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In this July 27, 2018, the Dave Johnson coal-fired power plant is silhouetted against the morning sun in Glenrock, Wyo. A law signed April 6, 2021, by Republican Gov. Mark Gordon creates a $1.2 million fund for an initiative that marks the latest attempt by state leaders to help coal in the state that accounts for the bulk of U.S. coal production, which is down by half since 2008. Wyoming coal production, which accounts for about 40% of the nation's total, has declined as utilities switch to gas, which is cheaper to burn to generate electricity. CREDIT: J. David Ake/AP

Wyoming Doubles Down On Coal With Threat To Sue Other Western States, Including Washington

Last year, Wyoming and Montana — another major coal state — asked the Supreme Court to override a decision by Washington state to deny a permit to build a coal export dock on the Columbia River. The interstate lawsuit followed years of unsuccessful attempts by the dock’s developer, Utah-based Lighthouse Resources, to contest the permit denial in federal court. Continue Reading Wyoming Doubles Down On Coal With Threat To Sue Other Western States, Including Washington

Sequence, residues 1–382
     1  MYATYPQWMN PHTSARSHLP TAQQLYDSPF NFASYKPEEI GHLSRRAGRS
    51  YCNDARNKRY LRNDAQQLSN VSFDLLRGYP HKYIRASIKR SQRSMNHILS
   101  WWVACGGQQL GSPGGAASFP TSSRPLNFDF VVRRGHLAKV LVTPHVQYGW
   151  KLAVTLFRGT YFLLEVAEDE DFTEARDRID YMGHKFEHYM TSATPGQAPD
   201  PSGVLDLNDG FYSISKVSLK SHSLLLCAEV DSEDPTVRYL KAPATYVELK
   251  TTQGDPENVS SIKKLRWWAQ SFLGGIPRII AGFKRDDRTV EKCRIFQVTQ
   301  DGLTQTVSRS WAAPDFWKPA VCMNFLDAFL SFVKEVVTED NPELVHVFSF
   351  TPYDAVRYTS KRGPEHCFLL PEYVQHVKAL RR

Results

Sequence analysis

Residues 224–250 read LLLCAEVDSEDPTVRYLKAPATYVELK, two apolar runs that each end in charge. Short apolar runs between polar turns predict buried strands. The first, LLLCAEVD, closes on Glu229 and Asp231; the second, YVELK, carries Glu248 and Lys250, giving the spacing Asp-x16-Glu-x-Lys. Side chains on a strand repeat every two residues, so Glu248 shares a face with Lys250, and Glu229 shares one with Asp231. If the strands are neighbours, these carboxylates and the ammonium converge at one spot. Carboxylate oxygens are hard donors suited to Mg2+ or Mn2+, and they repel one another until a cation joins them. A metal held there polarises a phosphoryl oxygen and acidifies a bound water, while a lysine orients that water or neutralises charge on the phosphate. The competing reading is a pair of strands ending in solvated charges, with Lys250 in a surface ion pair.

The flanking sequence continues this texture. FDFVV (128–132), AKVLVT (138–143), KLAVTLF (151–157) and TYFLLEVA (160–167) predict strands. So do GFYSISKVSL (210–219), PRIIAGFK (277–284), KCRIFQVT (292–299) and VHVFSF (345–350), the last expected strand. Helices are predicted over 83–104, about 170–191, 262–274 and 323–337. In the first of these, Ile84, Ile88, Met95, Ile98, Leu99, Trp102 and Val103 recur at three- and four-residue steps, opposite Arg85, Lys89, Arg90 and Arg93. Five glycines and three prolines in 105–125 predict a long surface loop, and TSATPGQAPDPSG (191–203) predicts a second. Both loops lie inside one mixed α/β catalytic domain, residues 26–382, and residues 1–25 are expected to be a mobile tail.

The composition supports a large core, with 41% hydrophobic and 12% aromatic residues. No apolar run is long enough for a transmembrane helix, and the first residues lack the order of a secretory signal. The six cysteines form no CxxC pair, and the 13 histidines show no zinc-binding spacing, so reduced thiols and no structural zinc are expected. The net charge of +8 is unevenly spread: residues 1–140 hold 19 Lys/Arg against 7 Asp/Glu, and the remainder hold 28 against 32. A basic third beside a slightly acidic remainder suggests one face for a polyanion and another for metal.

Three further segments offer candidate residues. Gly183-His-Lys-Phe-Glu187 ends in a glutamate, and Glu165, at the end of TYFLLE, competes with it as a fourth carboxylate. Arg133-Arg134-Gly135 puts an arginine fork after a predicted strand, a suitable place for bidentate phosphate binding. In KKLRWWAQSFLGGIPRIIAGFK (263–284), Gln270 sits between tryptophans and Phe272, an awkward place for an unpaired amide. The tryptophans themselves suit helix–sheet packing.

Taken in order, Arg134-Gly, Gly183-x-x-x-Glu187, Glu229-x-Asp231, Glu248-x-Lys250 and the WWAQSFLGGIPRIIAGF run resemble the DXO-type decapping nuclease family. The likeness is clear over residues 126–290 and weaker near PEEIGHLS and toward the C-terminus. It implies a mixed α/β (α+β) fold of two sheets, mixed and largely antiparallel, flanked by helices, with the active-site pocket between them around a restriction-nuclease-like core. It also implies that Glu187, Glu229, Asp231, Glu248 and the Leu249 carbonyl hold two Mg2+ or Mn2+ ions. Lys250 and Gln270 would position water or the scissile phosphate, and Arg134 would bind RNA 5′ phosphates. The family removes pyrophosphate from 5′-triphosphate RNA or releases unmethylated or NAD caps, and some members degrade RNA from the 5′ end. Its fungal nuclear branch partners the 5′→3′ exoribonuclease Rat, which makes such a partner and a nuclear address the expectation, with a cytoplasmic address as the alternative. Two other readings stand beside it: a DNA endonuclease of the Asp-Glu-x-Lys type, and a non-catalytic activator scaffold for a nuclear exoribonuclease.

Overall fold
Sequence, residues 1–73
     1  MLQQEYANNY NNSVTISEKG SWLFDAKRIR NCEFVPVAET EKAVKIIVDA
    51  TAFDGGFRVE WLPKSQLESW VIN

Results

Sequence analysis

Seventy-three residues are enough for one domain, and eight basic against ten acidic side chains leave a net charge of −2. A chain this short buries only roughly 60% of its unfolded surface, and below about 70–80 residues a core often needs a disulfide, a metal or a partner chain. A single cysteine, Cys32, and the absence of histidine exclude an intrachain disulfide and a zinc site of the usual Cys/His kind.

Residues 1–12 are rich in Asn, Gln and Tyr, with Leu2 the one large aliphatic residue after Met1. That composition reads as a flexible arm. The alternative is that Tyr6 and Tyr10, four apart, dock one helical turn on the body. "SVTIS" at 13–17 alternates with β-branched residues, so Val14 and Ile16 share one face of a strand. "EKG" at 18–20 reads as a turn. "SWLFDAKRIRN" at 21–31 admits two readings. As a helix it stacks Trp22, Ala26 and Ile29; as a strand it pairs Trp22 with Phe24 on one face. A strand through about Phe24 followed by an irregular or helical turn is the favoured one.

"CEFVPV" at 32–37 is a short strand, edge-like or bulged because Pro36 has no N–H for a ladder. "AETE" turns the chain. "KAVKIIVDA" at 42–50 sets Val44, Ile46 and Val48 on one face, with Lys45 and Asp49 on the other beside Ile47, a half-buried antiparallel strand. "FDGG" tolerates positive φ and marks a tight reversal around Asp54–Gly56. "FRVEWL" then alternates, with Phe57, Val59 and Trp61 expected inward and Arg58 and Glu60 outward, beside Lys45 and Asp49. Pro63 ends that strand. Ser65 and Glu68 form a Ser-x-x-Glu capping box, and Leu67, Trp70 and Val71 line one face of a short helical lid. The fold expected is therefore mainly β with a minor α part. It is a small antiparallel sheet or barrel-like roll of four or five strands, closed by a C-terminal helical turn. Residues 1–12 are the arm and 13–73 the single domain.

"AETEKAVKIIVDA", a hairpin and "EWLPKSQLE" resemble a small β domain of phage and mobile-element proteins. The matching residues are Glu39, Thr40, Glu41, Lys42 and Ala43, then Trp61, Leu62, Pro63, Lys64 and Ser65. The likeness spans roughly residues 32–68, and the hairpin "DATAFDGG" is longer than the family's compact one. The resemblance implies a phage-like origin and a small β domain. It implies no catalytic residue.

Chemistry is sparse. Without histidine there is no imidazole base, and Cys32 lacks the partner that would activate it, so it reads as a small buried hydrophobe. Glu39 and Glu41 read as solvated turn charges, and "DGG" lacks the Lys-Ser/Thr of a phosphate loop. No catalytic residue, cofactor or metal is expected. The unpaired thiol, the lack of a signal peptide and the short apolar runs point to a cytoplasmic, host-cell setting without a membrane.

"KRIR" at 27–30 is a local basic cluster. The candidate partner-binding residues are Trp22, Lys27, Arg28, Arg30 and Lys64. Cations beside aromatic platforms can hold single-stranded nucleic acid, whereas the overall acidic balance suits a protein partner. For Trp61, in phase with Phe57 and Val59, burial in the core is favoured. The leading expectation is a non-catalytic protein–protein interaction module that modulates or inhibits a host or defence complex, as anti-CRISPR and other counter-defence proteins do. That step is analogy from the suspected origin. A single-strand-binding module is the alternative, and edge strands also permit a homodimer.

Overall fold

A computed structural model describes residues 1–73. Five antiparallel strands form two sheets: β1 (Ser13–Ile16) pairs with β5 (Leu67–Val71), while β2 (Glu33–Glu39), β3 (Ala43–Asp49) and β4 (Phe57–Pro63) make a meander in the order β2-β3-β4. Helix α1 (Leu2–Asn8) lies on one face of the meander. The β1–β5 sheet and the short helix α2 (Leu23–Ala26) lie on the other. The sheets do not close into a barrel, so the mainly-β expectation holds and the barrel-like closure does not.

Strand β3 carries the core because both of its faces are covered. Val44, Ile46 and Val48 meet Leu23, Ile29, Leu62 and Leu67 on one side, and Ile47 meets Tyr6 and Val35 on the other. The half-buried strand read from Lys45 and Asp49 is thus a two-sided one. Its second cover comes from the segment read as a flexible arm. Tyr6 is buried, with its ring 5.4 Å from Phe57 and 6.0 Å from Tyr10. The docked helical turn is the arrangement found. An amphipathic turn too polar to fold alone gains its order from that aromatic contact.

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WSU Student newspaper The Daily Evergreen article on homosexuality.

Past As Prologue: Rural Places Are Queer Places And The History Of WSU’s LGBTQ Awareness

What the struggle over recognition for WSU’s Gay Awareness student group shows is some of the similarities between rural and urban LGBTQ rights. Rural areas — especially college towns like Pullman or Moscow — are also queer places. People in cities who were against gay rights used the same tactic as those in Pullman—the public-referendum—to deny housing or employment equality to LGBTQ people. Continue Reading Past As Prologue: Rural Places Are Queer Places And The History Of WSU’s LGBTQ Awareness

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